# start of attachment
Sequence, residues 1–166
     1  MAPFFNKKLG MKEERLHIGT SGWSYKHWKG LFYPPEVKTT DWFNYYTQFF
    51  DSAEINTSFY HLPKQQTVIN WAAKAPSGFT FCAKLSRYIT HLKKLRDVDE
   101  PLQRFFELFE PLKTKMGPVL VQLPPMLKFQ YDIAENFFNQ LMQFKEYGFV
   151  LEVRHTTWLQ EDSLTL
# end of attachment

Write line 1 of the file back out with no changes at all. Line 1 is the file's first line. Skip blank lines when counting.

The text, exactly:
Sequence, residues 1–166